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Case Reports in Gastrointestinal Medicine
Volume 2016 (2016), Article ID 2190726, 4 pages
Case Report

A Timely Intervention: Endoscopic Retrieval of a Swallowed Magnetized Activity Watch

Department of General Surgery, Brian Allgood Army Community Hospital, Yongsan 96205, Republic of Korea

Received 12 October 2015; Revised 24 December 2015; Accepted 29 December 2015

Academic Editor: Yoshihiro Moriwaki

Copyright © 2016 Jason S. Radowsky et al. This is an open access article distributed under the Creative Commons Attribution License, which permits unrestricted use, distribution, and reproduction in any medium, provided the original work is properly cited.


The accidental ingestion of a foreign object often presents a difficult scenario for the clinician. This includes not only the decision to retrieve the material but also the appropriate technique to use. We present the case of a young asymptomatic girl who swallowed a magnetic activity watch, which was then successfully retrieved with an endoscopic snare. To our knowledge, this is the first documented case of salvaging an operational watch from the stomach using an endoscopic technique.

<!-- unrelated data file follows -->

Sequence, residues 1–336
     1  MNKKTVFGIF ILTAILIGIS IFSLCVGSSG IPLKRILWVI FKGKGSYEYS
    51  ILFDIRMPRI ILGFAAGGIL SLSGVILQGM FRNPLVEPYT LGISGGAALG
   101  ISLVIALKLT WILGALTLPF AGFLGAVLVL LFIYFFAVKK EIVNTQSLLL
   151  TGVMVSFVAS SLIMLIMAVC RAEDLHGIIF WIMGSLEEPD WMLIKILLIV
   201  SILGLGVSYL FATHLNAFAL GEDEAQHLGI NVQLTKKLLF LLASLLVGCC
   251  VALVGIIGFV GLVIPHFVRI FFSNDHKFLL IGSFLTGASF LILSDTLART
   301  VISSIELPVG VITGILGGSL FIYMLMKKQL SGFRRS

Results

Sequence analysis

1. Introduction

Foreign body ingestion is a challenging medical dilemma for both surgeons and gastroenterologists, with the greatest incidence seen in the psychiatric, elderly, and pediatric populations. The mechanism of ingestion varies based on the cohort studied. The psychiatric population may have an altered decision-making capability or will swallow objects for a secondary gain [1]. The elderly often have altered mental status, decreased oropharyngeal sensation and control, and ill-fitting dental appliances. The vast majority of cases, > 80%, occur in children. However, only 10–20% require endoscopic removal, with < 1% mandating an operation to remove the foreign body [2, 3]. Younger children demonstrate the greatest risk as their senses are developing and begin to explore their own environment, frequently placing objects in their mouth [4]. The object ingested, anatomical location, and age of the patient are important factors when making the clinical decision to pursue extraction through an invasive technique or to manage the patient expectantly in hopes of transit through the gastrointestinal tract [5]. An endoscopic or operative approach to extract dentures, batteries, or magnets is strongly recommended, as these objects portend a greater risk of intestinal laceration, perforation, obstruction, or luminal necrosis [4, 6, 7].

As one may expect, there is a paucity of data in the literature regarding the extraction of an ingested watch or object with similar dimensions. One case report has discussed the extraction of a watch through an open gastrostomy, three cases have utilized an endoscopic approach for retrieval of an impacted watch in the proximal esophagus, and one report discussed successive esophageal balloon dilation, to dislodge the timepiece, pushing it distally into the stomach to allow for passage [811]. To our knowledge this is the first documented case of a watch extraction from the stomach using a flexible endoscope.